Osteoporosis can cause pain. Bone fractures are painful and some say that osteoporosis alone can be painful in some people. The two primary mechanisms for pain in osteoporosis are inflammation within the bone and nerve sensitivity around the bone. Both common themes, inflammation and nerve sensitivity, are found in many types of painful conditions. Like any painful condition, one can use traditional treatments of anti-inflammatory medications, Tylenol, and opioid medications to treat the pain of a compression fracture or bone pain from osteoporosis. Beyond these traditional treatments are osteoporosis-specific treatments for pain that fall into three main categories: exercise, medications, and stabilization (EMS). This EMS approach to osteoporotic pain may help you improve your quality of life.
Depending on the specific clinical situation, exercise is an often overlooked, under-appreciated treatment that might be a good option. Not only does exercise have the potential to improve bone mineral density, exercise helps improve posture. An improved posture can help to relieve pain by reducing the pressure on the bones of the spine, specifically the vertebral bodies which are prone to compression fractures in those with osteoporosis. An appropriate exercise program would emphasize thoracic and lumbar lengthening, extension forces while eliminating compressive, flexion forces. Additionally, a physical therapist can improve body mechanics during various daily activities like sitting, lifting, and rolling-over in bed. With improved mechanics and posture, the pain of osteoporosis can be minimized.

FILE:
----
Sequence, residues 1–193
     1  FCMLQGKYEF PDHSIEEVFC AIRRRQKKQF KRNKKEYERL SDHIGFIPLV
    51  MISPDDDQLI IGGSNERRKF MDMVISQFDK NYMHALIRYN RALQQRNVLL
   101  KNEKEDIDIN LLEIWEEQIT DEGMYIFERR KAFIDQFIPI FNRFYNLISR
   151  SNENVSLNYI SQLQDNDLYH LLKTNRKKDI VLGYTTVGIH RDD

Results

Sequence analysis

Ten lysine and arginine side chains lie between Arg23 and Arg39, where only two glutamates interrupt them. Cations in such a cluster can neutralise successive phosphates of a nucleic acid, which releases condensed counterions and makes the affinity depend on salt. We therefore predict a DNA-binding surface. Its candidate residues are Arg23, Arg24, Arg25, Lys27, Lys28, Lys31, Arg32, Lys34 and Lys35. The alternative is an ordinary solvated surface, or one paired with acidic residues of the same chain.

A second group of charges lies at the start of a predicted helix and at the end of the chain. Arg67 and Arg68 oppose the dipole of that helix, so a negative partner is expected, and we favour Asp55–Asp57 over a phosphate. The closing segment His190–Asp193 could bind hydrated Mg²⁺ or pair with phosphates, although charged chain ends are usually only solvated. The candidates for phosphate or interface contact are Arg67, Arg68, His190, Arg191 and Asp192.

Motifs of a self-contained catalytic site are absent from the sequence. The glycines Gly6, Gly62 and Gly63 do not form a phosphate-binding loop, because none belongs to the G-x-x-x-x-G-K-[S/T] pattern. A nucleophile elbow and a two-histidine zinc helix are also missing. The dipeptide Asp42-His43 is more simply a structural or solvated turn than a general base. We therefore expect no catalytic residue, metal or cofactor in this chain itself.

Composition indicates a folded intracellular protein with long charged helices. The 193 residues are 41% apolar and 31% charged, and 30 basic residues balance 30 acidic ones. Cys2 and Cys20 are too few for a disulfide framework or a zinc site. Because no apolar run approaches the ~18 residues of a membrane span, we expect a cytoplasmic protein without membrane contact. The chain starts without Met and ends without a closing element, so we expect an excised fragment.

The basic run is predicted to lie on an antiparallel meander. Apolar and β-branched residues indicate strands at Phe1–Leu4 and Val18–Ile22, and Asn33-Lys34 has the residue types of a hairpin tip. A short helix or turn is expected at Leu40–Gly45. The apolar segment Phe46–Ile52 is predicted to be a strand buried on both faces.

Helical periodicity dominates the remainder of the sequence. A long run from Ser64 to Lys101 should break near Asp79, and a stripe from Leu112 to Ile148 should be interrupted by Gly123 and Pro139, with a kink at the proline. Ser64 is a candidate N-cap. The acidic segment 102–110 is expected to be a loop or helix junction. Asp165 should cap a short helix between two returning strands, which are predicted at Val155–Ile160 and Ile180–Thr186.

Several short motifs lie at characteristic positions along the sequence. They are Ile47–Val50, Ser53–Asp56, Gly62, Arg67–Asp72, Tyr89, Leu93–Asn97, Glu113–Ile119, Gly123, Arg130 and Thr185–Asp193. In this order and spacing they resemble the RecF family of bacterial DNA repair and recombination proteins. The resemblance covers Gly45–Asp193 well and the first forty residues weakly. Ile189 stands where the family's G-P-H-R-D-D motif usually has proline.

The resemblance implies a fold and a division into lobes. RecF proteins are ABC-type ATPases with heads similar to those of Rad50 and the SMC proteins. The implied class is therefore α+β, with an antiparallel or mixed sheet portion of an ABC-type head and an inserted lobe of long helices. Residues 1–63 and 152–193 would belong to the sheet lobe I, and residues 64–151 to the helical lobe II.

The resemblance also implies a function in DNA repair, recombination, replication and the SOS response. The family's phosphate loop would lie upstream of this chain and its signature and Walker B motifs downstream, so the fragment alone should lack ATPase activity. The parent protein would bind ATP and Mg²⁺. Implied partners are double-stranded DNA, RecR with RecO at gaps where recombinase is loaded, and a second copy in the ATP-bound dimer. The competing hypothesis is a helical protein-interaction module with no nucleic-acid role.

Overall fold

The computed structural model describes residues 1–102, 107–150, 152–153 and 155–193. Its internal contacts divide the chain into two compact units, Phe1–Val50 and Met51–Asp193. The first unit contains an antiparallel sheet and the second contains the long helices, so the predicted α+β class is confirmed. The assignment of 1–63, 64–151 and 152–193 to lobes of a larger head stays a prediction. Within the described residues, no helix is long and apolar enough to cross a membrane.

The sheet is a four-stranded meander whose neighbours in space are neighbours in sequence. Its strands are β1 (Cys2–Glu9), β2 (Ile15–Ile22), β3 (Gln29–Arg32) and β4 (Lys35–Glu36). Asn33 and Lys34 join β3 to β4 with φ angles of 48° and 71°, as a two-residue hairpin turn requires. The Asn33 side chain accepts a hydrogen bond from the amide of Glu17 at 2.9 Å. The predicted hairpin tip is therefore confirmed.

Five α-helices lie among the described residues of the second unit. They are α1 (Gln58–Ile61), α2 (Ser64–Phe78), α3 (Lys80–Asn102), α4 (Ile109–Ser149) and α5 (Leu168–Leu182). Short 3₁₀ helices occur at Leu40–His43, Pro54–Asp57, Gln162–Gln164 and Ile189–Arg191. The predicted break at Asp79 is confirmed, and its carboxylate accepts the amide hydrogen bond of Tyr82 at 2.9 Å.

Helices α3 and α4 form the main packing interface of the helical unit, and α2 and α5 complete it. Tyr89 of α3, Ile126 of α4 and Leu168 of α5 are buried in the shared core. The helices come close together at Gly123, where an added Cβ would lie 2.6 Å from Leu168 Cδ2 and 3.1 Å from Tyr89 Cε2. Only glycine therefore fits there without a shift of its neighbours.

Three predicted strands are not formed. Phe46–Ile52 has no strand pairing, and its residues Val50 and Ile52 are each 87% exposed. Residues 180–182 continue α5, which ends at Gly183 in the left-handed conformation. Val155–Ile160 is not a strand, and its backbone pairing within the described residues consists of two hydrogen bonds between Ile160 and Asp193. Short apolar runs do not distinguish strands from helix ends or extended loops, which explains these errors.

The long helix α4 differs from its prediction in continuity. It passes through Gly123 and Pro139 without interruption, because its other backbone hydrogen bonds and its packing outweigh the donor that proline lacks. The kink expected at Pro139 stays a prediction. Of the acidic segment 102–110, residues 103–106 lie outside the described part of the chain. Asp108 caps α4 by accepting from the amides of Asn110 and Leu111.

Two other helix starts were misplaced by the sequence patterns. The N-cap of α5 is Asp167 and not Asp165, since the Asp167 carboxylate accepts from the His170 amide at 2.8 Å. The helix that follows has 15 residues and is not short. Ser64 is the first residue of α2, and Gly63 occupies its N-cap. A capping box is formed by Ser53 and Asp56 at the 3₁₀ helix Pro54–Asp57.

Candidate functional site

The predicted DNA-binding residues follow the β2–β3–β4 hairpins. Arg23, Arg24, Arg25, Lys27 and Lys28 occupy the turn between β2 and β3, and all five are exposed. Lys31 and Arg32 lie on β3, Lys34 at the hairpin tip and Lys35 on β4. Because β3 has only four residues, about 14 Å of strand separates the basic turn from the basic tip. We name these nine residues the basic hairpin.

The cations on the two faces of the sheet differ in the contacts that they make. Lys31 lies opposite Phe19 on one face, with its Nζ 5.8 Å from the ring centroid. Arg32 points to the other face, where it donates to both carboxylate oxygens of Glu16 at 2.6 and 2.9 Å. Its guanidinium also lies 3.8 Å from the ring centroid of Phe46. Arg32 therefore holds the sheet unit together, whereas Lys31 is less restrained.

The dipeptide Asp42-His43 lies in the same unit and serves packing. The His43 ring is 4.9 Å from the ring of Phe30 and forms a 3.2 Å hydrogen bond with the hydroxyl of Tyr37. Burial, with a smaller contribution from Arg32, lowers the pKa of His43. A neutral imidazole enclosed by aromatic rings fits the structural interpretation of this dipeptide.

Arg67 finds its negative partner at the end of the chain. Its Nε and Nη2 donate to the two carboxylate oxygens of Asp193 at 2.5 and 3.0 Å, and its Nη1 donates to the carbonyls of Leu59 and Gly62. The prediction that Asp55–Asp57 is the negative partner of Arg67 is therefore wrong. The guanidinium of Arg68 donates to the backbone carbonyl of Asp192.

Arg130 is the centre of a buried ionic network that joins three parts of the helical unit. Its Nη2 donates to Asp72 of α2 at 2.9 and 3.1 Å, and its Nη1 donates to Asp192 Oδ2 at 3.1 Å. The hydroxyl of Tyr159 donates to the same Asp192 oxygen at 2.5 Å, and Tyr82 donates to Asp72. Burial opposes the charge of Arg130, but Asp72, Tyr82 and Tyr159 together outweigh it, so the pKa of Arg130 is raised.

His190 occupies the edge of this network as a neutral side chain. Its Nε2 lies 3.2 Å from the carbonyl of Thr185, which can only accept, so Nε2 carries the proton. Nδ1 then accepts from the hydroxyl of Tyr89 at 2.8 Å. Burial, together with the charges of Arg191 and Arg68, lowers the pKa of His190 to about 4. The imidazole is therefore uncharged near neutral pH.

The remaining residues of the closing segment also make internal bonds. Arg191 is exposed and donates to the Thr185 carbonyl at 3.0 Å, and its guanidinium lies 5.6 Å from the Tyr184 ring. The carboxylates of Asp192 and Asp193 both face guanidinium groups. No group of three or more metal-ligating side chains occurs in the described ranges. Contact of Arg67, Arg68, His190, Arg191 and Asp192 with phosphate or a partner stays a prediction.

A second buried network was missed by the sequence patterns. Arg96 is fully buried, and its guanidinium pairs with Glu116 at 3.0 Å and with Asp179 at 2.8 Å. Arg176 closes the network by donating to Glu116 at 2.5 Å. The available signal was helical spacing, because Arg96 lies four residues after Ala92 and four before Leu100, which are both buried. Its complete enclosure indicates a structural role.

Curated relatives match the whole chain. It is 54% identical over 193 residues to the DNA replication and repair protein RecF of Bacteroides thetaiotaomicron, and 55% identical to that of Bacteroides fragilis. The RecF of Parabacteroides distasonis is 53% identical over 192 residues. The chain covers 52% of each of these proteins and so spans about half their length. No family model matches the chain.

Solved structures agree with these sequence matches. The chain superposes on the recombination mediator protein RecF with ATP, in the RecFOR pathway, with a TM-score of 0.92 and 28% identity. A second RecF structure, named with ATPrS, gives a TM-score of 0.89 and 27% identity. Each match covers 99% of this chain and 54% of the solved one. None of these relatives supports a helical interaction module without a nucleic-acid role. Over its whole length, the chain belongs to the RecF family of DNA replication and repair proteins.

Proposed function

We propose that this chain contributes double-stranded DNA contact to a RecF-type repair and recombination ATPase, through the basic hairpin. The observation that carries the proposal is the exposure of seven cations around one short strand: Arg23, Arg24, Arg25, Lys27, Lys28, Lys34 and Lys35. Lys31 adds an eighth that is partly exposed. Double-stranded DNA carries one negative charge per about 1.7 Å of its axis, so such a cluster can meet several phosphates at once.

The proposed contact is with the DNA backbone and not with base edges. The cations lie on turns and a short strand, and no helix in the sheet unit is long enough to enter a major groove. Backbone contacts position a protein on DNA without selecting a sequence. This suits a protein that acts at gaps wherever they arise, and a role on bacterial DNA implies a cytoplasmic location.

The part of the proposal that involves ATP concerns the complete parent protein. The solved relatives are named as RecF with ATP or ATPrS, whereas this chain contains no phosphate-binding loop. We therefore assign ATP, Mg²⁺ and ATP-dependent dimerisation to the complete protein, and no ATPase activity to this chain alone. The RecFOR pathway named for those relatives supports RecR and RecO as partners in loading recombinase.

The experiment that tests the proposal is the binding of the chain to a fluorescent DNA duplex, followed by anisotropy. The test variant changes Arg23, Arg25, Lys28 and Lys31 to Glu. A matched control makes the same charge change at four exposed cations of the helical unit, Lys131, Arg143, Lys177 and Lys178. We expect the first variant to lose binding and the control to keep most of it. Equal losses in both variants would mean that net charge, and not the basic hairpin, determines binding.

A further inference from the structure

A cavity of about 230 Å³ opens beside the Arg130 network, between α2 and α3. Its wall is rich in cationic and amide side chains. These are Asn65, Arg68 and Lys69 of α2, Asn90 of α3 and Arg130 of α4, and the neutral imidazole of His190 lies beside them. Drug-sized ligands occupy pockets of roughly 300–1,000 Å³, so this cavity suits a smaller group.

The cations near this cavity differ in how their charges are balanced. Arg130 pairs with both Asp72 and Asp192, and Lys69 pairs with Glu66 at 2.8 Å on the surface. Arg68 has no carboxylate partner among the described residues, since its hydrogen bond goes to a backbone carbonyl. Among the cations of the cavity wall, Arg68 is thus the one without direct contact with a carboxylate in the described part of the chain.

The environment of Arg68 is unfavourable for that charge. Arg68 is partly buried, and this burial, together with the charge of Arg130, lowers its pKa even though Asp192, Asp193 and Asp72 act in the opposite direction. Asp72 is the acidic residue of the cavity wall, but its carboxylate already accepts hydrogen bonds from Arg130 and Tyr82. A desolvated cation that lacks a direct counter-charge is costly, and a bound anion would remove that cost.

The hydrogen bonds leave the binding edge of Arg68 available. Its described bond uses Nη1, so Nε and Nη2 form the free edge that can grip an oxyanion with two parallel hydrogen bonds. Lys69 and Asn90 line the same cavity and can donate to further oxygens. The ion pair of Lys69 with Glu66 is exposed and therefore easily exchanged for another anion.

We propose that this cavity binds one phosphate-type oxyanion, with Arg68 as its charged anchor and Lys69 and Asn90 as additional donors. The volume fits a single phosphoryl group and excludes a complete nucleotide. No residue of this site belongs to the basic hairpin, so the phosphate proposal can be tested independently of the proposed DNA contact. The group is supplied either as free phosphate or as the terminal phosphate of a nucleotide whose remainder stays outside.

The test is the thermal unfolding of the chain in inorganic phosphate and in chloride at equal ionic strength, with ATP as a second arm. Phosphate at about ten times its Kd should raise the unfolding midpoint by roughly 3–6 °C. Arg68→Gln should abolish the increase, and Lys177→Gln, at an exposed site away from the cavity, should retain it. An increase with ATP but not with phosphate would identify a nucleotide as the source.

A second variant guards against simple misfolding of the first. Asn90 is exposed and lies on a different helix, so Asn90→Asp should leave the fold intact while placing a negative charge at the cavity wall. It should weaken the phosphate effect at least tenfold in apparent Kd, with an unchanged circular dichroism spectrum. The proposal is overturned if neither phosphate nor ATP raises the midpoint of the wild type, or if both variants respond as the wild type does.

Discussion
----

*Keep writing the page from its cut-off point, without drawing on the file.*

Some special, osteoporosis-specific medications can also help to relieve pain. An oldie but goodie is calcitonin which has been used for many years to help normalize bone density. Plus, calcitonin is also known to relieve bone pain from fractures, metastasis, and osteoporosis. Available as a nasal spray or by injection, calcitonin is a drug of the past which should also be considered now as a good, alternative option for anyone experiencing bone pain. Another alternative pain reliever exists, but is not traditionally known as a pain reliever. This medication is Actonel. According to some recent research, risedronate (Actonel) has the potential to relieve bone pain via a nervous system mechanism. So, Actonel might also be worth trying in order to help relieve the pain from osteoporosis. Just keep these alternatives to the traditional pain relievers in mind when dealing with bone pain associated with osteoporosis.
Stablizing with spinal bracing is also another alternative method to control the pain from osteoporosis, particularly the pain from spinal fractures. Many different styles of spinal braces are available. In general, the "hyperextension braces" represent the correct style of spinal braces used to treat compression fractures of the vertebral bodies. The specific brace chosen for treatment depends on the amount of spinal compression and the location of spinal compression. The primary goal is to stabilize the fracture site enough to allow for healing and to minimize further injury. In turn, with the added stability from a spine brace, the pain should also be minimized.
Minimizing pain, improving bone density, and preventing further injury are all the primary goals for treating osteoporosis. By focusing on the alternative methods for treating the pain associated with osteoporosis, invasive procedures can be avoided. This easy to remember EMS (exercise, medication, stability) guide can be the cornerstone for reducing inflammation and nerve sensitivity that can be caused by osteoporosis.
Published On: December 29, 2010